I was going through some old files the other day, and I found one that had all the paperwork from my purchase of a new Audi 100LS in 1972. The price of the car was $5,250. I don’t know what the MSRP was because I didn’t save the Monroney label. Five thousand was not an exorbitant price for a well equipped new car in 1972. I considered that Audi to be a middle-class, middle of the road family car. I bought it because it closely resembled the contemporary small Mercedes. Now, it is spoken of as being in the same luxury class as Mercedes and BMW. When did that happen? Have I pulled a Rip Van Winkle and been asleep for 40 years? Thanks.
Close to it, at least since the days of the Audi 5000 they’ve been considered the premium line for VW and in the same class as Mercedes and BMW.
My grandparents Mercedes might qualify as a luxury car for the time but they bought it used in Morocco when grandpa was there as a water resource engineer. A 52 200D that they wound have owned in the early 60’s.
It happened just after you bought tour 72 Audi. The German mark had been 5 to a dollar when I bought my 71 VW bus for $3020 including radio. 3 years later, the mark was 2 for a dollar. The Germans found out, the more they charged us for a car, the more valuable we thought it was. Not all Mercedes used to be considered luxury cars. No one who drove a 180D would ever accuse it of being a luxury car. Mercedes are or were taxi’s in much of the world.
$5250 in ‘72 would be about $34,000 today, buys a near luxury car. A lot more for your money now.
$5250 in 72 would buy a decently optioned full size Pontiac, Ford or Dodge. Lots bigger car with a V8 engine, AC, automatic, power steering and brakes.
Audi has been been making premium cars since the late 80s. Where ya been?
I think that the same could be said for Volvo. Back in the '60s, their 544 model (the one that looked like a miniature '40s Ford) was more or less in the same price class as a VW bug. When their more modern 122 model was introduced, it was a bit pricier, but it was still in the lower-end range of car prices.
By the time that I bought my POS Volvo in 1974, prices had moved-up, but they were still not in the luxury range. Nowadays, with some Volvo models selling for $60k-70k, even if they are not quite as costly as many Audis, the fact remains that Volvo has moved itself very far up the price ladder over the past 40 years or so.
50 yrs ago. Long time. Friend bought a 95 accord ex for $25k. I was looking at a 2021 golf r for $40k. Prices go up.
Yes, v6, leather, sunroof. I did not think it was that high.
This was around 2000. So maybe it was a 98 or 99ish?
The friend is either really unaware of prices or he told you an untruth or you misprinted the year.
Surprisingly the 1995 EX V6 was $25K.
I worked with a guy in 1972 who had just bought ne. It was definitely not a luxury car The brakes wore out rapidly on the front since federal law put a maximum on brake pedal pressure a US driver could exert. So Audi made the front pads softer so as not to exceed 40 lbs on the pedal. The result was rapid brake wear.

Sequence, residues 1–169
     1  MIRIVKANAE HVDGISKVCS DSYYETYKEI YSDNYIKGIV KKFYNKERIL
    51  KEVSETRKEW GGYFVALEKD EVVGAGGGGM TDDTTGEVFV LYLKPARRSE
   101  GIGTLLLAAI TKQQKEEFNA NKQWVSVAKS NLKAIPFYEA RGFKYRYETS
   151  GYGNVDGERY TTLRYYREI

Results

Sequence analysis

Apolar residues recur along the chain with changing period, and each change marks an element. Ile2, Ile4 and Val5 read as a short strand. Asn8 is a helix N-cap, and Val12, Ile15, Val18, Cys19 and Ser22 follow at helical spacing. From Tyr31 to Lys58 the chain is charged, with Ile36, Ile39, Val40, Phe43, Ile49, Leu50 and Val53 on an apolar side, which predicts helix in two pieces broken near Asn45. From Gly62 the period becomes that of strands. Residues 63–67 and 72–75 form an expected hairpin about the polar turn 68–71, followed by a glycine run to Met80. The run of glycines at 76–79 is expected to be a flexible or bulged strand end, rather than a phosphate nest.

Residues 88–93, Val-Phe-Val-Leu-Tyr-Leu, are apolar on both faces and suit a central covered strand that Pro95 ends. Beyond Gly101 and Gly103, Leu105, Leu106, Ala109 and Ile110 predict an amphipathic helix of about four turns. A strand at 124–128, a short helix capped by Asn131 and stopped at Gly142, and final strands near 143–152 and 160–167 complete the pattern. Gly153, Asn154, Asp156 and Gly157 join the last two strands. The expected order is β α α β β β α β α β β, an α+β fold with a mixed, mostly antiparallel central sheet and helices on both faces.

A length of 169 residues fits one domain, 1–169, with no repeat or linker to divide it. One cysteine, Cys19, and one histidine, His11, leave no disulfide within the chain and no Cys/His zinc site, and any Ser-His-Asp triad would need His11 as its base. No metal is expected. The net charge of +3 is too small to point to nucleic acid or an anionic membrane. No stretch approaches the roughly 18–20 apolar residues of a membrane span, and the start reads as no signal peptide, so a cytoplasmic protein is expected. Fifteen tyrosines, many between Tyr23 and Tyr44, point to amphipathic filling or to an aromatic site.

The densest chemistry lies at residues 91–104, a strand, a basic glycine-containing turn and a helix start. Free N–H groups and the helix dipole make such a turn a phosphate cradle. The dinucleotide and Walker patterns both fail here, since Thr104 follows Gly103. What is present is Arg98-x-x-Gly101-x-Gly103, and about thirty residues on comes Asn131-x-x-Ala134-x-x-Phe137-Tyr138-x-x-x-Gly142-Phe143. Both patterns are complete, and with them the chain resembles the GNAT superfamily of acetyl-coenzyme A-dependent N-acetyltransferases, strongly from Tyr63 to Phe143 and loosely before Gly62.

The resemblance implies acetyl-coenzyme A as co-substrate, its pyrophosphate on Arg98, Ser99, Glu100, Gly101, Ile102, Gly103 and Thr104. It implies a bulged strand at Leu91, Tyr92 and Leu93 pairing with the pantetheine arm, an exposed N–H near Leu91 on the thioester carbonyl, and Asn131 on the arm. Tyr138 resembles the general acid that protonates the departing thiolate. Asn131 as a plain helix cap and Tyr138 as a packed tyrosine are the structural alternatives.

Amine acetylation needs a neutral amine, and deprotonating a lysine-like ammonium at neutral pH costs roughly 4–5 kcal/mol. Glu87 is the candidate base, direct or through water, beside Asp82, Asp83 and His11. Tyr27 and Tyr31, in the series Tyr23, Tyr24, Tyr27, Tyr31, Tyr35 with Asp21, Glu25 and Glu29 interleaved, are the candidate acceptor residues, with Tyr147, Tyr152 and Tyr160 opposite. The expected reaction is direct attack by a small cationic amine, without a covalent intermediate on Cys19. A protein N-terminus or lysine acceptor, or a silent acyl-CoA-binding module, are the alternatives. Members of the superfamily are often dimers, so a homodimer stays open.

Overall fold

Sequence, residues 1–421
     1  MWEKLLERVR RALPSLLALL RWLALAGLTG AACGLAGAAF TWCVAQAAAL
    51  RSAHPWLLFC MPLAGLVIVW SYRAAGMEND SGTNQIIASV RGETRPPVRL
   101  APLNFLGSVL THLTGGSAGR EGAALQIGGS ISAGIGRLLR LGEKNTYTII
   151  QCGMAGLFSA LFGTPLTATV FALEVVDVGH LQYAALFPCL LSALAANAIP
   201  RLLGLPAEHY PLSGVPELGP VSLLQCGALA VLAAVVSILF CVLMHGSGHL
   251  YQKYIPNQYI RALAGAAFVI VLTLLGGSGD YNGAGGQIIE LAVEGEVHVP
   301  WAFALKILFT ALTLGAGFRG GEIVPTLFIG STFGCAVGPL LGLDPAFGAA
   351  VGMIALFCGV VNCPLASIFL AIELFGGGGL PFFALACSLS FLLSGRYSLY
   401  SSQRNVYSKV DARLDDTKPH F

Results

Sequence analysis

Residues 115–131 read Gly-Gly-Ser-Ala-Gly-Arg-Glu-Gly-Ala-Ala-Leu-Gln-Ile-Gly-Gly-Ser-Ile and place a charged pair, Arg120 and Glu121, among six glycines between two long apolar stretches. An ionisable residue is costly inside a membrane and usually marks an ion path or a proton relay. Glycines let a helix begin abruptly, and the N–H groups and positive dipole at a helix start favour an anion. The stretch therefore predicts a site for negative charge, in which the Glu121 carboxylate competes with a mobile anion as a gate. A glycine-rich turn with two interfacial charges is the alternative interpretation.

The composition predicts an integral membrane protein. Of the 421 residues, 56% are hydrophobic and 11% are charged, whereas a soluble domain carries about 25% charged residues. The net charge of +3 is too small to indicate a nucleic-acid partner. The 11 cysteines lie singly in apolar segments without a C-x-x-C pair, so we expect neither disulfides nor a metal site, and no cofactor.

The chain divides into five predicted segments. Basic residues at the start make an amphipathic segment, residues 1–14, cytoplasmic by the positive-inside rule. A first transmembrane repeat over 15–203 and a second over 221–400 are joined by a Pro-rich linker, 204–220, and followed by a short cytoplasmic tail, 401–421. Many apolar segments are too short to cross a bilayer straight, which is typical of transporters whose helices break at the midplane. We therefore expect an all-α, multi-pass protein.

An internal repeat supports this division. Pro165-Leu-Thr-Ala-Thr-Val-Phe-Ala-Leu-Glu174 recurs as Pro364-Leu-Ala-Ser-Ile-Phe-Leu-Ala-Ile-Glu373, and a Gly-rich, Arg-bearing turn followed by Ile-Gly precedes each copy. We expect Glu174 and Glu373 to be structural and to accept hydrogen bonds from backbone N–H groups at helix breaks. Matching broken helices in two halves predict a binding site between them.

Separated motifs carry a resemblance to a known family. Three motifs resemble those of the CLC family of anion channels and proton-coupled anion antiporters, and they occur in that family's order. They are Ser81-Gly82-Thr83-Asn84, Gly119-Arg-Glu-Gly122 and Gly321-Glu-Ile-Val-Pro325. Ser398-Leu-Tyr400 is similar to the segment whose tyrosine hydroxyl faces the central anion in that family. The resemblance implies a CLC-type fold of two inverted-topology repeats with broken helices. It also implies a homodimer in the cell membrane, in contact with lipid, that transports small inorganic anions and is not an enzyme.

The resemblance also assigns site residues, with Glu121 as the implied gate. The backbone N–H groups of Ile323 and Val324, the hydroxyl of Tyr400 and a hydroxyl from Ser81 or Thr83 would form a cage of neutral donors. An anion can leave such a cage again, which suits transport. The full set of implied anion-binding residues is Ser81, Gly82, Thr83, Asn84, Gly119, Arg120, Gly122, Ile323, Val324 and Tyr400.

For some mysterious reason those early models were not available with power brakes.
I thought it was a terrific bargain compared to the other cars I looked at, and that is why I bought mine. The A and C class cars weren’t available in the 1970s, only the hand made cars that made Benz famous.
I think Audi has gone upscale a bit since VW bought them. Volkswagen wanted a line to compete with MB, and Audi was it. Add to that, Benz has gone downscale in the ensuing decades.
Several decades or so ago those Audi 100s used to pop up now and then for service. Simple car but inboard brakes. Ugh.
Same goes for early Subarus. They were also fitted with inboard brakes. A few of those showed up now and then and people were appalled at the price of a front brake job.
It paid 8.5 hours flat rate and worth every bit of it.
Inboard drums with brake shoes and a dozen springs; only accessible through a small hole. Serviced with one hand, a flashlight in the other, and improved profanity.
Transmission came down the assembly line with brakes attached and the rest of the car assembled around it.
Circa 1974 a co-worker purchased the same model as I recall. Just a young guy right out of college, probably earning $13,000 per year or so. I asked him why he chose an Audi. He said he wanted a little luxury in his life. He took me for a drive in it several times, to lunch, etc, and it was a nicely appointed car with good ride. Definitely compared to my truck … lol … Not quite as overblown in appearance as the current audi’s.
It was a nice car, but it had some peculiar engineering; the inboard front brakes, as @ok4450 pointed out, an inline 5 cylinder engine, a 2 barrel progressive carburetor,and probably others that i’ve mercifully forgotten.
I watched the Subaru 1000 vdo … omg!! … lol …
Those mechanics definitely remained cheerful, even with all the difficulties they were having servicng those brakes. At one point they say “the sun has gone down long ago, and we still aren’t finished” … this is something I’ve said many times doing driveway diyer car repairs, but with not nearly as much cheer :). I think those fellows did great, being able to just take it as it comes without complaint. Even tho it took a lot of painstaking work, in the end they did it correctly, and they didn’t have to repeat the effort again.
At the Seattle Auto show a few years ago Volvo and Tesla were eight next to each other in the Luxury car area on the 2nd level. May as well have been invisible with the only people getting close were overflow from the Tesla display.
Asked a friend who had a Prius for 1 yr a question about ac and he replied he had not opened hood yet. Funny, we bought one and I did same thing. Was wife’s car.
I only open my wife’s hood maybe once a month to check the oil.